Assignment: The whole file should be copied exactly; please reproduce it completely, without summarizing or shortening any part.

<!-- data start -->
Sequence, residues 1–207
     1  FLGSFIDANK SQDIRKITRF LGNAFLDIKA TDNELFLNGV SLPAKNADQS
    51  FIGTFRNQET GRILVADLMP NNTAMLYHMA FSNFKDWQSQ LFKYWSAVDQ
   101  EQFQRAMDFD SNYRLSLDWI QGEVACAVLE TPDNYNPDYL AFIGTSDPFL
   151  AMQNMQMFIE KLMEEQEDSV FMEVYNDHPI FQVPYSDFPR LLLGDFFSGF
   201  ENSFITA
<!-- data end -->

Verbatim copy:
Sequence, residues 1–207
     1  FLGSFIDANK SQDIRKITRF LGNAFLDIKA TDNELFLNGV SLPAKNADQS
    51  FIGTFRNQET GRILVADLMP NNTAMLYHMA FSNFKDWQSQ LFKYWSAVDQ
   101  EQFQRAMDFD SNYRLSLDWI QGEVACAVLE TPDNYNPDYL AFIGTSDPFL
   151  AMQNMQMFIE KLMEEQEDSV FMEVYNDHPI FQVPYSDFPR LLLGDFFSGF
   201  ENSFITA